Tragedy in 22 acts: EU delays Greek bailout payment
Before Greece can ‘unlock’ their next fiscal aid package, they
must follow the directive of the lenders and adopt one last
fiscal stipulation by the end of the day Thursday.
The last unfulfilled ‘step’ involves putting 4,200 government
employees into a ‘labor mobility scheme’, where workers are laid
off and the government tries to find them new jobs within eight
The Troika of lenders – the IMF, the EU Commission, and the
European Central Bank - have asked Greece to fulfill 22 different
financial directives agreed upon in June in order to receive the
aid. Greece has “satisfactorily implemented” 21.
"Subject to confirmation of compliance with the last outstanding prior action, national procedures may thereafter be finalized and are expected to be completed by 29 July," Eurogroup President Jeroen Dijsselbloem said in a statement on Wednesday.
The Eurogroup will meet on Friday to vote on the bailout installments, and the financial transfer will be completed on Monday.
Once this last stipulation is passed by the Greek parliament, Dijsselbloem said the European Financial Stability Facility will be able to release the first sub-tranche of the next installment.
Last week, the Greek Parliament approved the redeployment of
25,000 public sector workers by the end of
the year in order to secure its last installment of $9.2 billion
(7 billion euro) from the Troika creditors.
"The euro area member states have been informed today by the Troika institutions that Greece has satisfactorily implemented the prior actions required for the release of the next disbursement under the financial assistance program, except for one action whose adoption by the Greek Parliament needs to be completed by Thursday, 25 July," Dijsselbloem said.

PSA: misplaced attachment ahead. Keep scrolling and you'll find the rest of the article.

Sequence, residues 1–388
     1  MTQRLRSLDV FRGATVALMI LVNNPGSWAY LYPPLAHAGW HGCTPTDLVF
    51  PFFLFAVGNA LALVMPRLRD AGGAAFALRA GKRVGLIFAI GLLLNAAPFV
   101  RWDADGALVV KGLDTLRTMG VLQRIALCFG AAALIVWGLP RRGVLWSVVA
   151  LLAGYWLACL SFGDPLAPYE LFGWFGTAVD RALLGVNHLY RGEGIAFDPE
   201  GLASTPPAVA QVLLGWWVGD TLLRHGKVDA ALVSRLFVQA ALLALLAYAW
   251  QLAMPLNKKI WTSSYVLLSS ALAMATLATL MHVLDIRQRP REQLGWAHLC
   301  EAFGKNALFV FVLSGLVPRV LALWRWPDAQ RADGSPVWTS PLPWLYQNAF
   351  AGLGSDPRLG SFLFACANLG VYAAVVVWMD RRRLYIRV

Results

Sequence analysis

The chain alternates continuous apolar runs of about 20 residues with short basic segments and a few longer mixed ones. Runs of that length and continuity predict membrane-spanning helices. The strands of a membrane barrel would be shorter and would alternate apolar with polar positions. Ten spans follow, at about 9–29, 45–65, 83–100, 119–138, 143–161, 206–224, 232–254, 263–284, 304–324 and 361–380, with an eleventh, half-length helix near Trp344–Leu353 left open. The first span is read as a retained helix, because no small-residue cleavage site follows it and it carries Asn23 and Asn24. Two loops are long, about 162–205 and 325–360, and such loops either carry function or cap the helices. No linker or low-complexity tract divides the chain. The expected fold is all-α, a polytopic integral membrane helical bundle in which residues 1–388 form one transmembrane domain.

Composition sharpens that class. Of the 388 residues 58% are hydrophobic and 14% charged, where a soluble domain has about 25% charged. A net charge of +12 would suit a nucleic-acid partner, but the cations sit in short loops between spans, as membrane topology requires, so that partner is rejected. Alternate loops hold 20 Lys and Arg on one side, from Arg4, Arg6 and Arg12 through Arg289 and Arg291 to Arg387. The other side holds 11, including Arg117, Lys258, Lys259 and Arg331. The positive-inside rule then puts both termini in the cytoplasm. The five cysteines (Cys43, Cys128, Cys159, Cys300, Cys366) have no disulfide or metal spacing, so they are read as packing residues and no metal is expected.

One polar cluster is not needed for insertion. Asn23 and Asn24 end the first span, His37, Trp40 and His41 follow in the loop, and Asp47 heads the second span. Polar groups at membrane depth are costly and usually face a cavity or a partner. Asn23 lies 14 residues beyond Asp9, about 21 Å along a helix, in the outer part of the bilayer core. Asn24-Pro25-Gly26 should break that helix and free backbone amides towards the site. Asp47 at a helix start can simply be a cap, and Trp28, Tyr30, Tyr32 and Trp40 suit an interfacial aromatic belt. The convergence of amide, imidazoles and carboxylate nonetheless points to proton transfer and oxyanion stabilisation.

German Finance Minister Wolfgang Schaeuble visited Greece and
held talks with Prime Minister Antonis Samaras, and on Tuesday he
sent a letter to the German parliament that he couldn’t verify
Greece had fulfilled all 22 requirements.
Schaueble has said that Greece is ‘on the right track’ and their
austerity measures ‘will continue to pay off’.
Greece has received over $315 billion (240 billion euros) since 2010, as the EU seeks to help pull the troubled member state out of a deep 6-year recession which has spread throughout the continent.
'Point of no return'
IMF has admitted it has made mistakes in its handling of the crisis in Greece. The Greek economy continues to contract, and government debt has skyrocketed to 160.5 percent of gross domestic product at the end of Q1, and by most economists' estimates, is still on the rise. Unemployment remains rampant, as 27 percent of people are out of work.
Former Greek MP Eva Kaili told RT has criticized the Troika lenders for ‘experimenting in Greece’ and hopes the same mistakes aren’t repeated in other struggling economies.
Kaili believes Germany, along with the Troika of lenders, left Greece no choice in their recovery plan.
"They just tried to soak our country with these measures, without planning anything, without trying to implement the changes,” said Kaili. She added, “Germany is the only one that makes decisions and this power game should be reset.”